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Accrediting Body Should Not Endanger Resident Doctors or Patients by Rolling Back Work Hour Requirements

Dec. 15, 2016

Accrediting Body Should Not Endanger Resident Doctors or Patients by Rolling Back Work Hour Requirements

New Proposal Allows First-Year Resident Physicians to Work 28-Hour or Longer Shifts; Removes a Number of Other Protective Work-Hour Limits

WASHINGTON, D.C. – In order to protect resident doctors and patients, the 16-hour shift cap on first-year medical residents should not be lifted, Public Citizen said in comments submitted today to the Accreditation Council for Graduate Medical Education (ACGME).

Under intense pressure from dozens of physician organizations, a task force of the ACGME − the private organization that sets the rules on resident work hours that are intended to protect the health and safety of both medical residents and patients – issued a proposal to eliminate the current 16-hour shift cap for first-year medical residents and allow them to work 28 or more hours in a row without sleep. The deadline for filing public comments on the proposal is Monday, Dec. 19.

The proposal comes despite long-standing evidence that medical residents (also known as resident physicians) commit more serious medical errors when working shifts of longer than 16 consecutive hours. Residents forced to stay awake for more than 16 consecutive hours also are personally at increased risk for needle-stick injuries, motor vehicle accidents and depression.

Public Citizen strongly objects to the lifting of the 16-hour shift cap and a number of other dangerous changes in the rules including:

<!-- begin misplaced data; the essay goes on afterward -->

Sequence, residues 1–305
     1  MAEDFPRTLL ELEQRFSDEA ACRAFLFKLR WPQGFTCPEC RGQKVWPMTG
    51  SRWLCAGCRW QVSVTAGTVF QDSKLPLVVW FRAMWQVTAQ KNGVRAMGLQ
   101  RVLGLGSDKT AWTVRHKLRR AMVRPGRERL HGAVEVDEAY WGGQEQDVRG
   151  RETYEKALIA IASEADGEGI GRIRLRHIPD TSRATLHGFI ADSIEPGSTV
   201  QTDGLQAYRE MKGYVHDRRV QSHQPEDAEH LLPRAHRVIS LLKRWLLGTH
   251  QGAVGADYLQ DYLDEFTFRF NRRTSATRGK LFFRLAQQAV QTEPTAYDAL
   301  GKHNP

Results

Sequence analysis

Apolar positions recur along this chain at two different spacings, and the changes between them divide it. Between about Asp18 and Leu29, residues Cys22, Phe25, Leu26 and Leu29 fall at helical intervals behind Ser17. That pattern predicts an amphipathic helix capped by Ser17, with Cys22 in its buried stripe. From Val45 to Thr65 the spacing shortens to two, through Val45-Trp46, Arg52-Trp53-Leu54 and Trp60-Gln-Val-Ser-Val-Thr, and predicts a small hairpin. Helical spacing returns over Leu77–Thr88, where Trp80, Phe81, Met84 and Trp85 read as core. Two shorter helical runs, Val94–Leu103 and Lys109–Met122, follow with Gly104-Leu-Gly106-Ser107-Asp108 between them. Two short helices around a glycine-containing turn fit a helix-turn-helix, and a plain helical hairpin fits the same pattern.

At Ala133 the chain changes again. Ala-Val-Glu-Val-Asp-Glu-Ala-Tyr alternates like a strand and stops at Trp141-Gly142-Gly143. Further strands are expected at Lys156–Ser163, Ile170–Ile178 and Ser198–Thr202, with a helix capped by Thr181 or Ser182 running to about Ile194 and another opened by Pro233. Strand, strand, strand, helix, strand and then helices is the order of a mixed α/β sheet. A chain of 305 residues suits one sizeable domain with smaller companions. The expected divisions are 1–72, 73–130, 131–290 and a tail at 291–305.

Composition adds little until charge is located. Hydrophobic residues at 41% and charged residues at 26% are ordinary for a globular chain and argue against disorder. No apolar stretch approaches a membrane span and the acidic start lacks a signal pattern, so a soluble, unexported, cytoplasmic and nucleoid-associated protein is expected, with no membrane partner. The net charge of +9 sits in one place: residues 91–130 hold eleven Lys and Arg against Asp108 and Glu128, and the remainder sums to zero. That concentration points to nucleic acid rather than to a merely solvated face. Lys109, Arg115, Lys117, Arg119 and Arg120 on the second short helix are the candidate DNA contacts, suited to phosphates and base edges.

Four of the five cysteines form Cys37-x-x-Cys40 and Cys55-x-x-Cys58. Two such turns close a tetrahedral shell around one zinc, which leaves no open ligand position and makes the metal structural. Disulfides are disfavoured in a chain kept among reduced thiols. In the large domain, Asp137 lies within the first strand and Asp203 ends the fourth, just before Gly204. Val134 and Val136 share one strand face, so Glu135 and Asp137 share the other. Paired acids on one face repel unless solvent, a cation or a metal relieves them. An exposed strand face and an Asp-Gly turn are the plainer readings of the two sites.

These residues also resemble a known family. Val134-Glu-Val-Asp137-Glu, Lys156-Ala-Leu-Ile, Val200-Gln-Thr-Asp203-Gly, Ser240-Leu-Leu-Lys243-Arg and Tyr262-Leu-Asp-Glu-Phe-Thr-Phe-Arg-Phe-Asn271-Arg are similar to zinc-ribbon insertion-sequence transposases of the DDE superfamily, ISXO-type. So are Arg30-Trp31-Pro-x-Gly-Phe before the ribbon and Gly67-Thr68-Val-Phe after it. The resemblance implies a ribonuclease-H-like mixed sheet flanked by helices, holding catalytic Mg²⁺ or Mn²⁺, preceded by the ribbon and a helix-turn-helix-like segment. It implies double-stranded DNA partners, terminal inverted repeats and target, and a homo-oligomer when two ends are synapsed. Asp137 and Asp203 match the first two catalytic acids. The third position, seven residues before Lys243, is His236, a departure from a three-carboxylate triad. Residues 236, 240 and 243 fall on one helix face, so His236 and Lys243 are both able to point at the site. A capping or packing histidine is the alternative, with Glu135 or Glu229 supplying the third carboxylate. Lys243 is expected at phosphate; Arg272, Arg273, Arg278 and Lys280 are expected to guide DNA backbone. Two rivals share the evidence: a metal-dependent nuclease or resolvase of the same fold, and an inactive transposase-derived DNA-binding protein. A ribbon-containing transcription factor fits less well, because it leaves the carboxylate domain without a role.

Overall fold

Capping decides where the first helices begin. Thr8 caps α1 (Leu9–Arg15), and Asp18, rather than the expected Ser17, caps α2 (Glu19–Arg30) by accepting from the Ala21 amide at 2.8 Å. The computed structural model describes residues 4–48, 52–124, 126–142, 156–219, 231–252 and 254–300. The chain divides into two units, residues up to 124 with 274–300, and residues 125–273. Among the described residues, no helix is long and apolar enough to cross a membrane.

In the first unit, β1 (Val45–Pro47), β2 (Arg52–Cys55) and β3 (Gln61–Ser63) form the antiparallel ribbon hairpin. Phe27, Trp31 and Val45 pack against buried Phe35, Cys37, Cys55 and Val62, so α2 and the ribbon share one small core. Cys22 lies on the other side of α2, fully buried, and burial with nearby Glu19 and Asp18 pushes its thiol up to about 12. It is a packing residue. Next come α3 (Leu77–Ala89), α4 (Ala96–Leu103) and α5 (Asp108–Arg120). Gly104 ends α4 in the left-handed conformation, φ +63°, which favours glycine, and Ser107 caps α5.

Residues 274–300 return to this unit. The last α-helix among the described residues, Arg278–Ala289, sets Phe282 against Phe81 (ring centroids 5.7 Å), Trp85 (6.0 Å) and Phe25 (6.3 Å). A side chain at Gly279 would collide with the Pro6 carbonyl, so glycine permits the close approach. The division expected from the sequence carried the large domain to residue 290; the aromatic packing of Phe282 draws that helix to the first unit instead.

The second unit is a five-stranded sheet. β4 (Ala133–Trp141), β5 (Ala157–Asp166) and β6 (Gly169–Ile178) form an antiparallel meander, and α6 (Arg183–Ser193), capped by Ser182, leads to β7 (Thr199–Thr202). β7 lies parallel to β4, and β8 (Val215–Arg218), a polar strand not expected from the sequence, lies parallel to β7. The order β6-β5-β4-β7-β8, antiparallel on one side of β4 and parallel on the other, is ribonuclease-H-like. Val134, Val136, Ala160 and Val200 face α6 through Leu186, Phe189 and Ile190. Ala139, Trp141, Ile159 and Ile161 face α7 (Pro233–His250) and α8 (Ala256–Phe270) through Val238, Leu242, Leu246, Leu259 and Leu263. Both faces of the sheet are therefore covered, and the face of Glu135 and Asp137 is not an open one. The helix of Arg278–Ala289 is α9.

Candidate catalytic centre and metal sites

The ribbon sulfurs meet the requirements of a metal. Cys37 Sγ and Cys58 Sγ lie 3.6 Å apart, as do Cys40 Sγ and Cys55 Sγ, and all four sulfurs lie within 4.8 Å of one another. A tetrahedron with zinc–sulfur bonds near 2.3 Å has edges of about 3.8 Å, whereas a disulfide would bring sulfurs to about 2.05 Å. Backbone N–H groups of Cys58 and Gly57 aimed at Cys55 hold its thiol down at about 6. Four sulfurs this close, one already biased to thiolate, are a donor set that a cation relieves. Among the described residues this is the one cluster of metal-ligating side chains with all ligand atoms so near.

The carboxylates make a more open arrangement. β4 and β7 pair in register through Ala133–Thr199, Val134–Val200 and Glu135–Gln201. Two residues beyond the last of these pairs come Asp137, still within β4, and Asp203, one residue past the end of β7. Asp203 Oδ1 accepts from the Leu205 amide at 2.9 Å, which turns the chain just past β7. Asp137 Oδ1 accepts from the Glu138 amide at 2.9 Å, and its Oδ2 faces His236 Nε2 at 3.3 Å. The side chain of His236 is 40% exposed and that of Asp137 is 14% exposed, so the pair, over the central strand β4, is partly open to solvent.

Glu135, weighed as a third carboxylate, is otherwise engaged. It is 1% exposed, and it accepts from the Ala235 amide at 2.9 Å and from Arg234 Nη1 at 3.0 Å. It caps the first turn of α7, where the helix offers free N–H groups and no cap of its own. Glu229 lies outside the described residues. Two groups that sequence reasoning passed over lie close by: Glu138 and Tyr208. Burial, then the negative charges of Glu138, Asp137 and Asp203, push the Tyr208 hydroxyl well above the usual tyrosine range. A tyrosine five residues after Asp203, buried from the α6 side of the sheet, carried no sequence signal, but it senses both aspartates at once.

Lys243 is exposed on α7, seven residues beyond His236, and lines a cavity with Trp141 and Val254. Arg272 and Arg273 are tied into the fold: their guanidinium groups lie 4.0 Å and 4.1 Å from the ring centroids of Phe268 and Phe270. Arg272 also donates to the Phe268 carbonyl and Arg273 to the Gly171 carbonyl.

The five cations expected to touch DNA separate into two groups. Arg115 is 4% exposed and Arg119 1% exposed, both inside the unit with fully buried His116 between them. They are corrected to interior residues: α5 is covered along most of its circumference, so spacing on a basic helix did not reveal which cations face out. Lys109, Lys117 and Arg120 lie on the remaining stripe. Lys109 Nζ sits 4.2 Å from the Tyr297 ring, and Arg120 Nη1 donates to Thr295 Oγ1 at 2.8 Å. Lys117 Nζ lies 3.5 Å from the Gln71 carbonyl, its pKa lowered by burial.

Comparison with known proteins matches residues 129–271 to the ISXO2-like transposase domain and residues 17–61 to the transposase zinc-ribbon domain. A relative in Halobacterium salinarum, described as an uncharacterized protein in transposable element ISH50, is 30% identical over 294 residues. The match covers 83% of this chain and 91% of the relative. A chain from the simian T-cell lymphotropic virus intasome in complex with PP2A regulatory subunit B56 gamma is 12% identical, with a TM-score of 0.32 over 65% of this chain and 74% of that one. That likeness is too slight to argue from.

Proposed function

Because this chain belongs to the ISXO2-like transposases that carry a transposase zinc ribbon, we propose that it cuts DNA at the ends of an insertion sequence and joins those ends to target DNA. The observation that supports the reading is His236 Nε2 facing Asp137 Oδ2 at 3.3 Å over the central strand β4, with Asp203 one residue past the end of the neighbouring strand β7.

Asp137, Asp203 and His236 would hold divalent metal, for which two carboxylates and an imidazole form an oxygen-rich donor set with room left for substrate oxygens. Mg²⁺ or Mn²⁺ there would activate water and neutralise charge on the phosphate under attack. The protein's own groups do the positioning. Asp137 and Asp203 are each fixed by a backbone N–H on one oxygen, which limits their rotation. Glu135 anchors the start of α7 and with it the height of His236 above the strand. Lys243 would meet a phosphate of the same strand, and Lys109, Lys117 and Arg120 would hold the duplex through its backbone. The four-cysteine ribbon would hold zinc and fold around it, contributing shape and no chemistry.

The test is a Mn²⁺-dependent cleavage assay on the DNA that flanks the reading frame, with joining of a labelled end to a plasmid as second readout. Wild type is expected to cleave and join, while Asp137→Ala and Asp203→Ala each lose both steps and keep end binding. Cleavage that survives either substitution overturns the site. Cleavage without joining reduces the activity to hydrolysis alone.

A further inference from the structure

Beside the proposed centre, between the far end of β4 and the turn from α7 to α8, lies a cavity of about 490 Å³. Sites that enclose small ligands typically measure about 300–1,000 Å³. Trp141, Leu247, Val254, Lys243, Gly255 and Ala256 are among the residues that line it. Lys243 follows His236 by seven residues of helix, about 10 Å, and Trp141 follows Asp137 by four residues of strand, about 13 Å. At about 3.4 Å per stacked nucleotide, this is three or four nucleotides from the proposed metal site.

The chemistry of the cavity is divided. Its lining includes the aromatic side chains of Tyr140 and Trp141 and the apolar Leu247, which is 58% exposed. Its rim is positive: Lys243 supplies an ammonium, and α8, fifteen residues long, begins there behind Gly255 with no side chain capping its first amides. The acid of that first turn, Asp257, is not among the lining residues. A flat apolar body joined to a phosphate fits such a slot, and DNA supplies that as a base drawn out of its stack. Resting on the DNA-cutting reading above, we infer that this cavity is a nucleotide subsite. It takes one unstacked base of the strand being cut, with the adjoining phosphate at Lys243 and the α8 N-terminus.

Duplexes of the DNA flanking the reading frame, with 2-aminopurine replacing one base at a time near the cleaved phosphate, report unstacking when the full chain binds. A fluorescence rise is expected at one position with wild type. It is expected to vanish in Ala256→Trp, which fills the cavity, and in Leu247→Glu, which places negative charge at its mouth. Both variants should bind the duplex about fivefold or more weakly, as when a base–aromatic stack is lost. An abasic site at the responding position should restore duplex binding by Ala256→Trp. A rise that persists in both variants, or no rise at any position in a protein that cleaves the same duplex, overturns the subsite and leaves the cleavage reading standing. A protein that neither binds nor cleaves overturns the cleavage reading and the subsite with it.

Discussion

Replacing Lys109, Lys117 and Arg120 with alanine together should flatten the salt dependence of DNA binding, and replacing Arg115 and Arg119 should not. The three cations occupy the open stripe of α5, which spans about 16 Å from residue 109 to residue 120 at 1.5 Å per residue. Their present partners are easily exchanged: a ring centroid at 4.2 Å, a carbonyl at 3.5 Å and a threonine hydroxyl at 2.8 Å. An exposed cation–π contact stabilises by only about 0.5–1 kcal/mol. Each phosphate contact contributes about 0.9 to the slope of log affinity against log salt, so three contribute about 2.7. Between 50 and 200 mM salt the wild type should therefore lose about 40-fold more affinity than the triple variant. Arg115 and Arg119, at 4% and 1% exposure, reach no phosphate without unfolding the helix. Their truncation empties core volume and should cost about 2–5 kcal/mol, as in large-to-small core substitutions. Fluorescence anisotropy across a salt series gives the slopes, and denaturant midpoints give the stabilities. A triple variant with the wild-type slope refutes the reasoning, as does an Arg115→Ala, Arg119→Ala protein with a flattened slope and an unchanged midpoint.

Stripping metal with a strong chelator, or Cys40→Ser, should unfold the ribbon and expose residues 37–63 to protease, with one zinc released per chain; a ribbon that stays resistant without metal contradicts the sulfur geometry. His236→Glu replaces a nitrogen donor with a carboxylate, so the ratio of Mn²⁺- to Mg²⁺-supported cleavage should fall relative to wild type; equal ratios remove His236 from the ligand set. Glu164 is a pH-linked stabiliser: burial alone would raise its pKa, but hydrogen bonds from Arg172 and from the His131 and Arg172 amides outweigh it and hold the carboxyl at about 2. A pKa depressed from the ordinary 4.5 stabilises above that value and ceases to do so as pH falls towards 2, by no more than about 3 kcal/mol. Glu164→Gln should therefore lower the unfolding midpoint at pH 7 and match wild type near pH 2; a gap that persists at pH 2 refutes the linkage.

• All residents would be permitted to work beyond even the 28-hour shift limit without sleep, without needing to document their reasons for doing so;
  • Residents would no longer have any minimum time off after shifts of up to 24 hours; and
  • Residents would be permitted to work more than six consecutive night shifts.

“Medical residents are not superhuman and, when sleep-deprived, put themselves, their patients and others in harm’s way,” said Dr. Michael Carome, director of Public Citizen’s Health Research Group. “The ACGME must reject this proposal in the interest of both resident and patient safety.”

The proposal is peppered with language purportedly advocating for the well-being and health of residents through a litany of vague suggestions and unenforceable mandates. In sharp contrast to this rhetoric, all of the proposal’s substantive provisions extending the consecutive hours residents can be forced to work would threaten the residents’ health and lives.

Public Citizen also pointed out that the ACGME does not systematically enforce any of its work-hour requirements. Residents self-report their hours to their programs, but these reports are not routinely inspected by the ACGME, with studies showing high rates of falsification of reported hours. With virtually no enforcement, residents and their programs will continue to violate even these new, laxer work-hour standards.

The proposal also flies in the face of the strong preferences of patients and prospective patients. A national poll, commissioned by Public Citizen and conducted by Lake Research Partners last summer, showed that the vast majority of the American public favors restricting the work shifts of medical residents to no more than 16 straight hours without sleep. Importantly, 86 percent of the public is opposed to lifting the 16-hour cap for first-year residents. Moreover, 80 percent of the public supports implementing the 16-hour cap for all residents, not just first-year residents.

In addition to Public Citizen, a number of other organizations have objected to the elimination of the 16-hour shift limit for first-year residents. These include the American Medical Student Association, the Service Employees International Union – Committee on Interns and Residents, the National Physicians Alliance, and Consumers Union.

The ACGME will now consider the task force’s proposal and is expected to finalize the requirements within the next few months. The new requirements would take effect at the beginning of the next residency academic year (July 2017).

Read Public Citizen’s comments on the ACGME task force’s proposal.

The ACGME is taking public comments on the proposal until Monday, Dec. 19.

See a video of former resident Stephanie Waggel, MD, talking about her experience working dangerously long shifts.